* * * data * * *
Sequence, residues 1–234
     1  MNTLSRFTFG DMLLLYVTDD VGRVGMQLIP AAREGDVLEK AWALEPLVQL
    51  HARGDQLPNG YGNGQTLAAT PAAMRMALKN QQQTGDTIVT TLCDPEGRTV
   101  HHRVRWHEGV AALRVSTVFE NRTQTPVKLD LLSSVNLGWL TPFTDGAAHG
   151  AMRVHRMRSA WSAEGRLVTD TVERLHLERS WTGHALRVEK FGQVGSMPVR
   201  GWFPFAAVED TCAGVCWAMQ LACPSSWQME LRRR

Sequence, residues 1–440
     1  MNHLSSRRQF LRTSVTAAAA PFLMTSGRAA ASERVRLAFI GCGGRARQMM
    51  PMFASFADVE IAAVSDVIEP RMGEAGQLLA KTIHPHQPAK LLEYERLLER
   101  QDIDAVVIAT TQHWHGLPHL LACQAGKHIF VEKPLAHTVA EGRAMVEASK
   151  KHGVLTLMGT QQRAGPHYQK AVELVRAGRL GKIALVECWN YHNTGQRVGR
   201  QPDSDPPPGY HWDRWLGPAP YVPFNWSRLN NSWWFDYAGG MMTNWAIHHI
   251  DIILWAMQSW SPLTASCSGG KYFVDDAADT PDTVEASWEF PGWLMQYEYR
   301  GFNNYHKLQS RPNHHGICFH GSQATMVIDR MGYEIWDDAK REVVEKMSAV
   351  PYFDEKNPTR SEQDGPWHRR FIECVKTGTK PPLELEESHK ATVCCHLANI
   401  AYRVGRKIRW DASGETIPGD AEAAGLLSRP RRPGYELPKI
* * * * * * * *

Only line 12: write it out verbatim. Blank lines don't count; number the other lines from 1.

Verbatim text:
   201  QPDSDPPPGY HWDRWLGPAP YVPFNWSRLN NSWWFDYAGG MMTNWAIHHI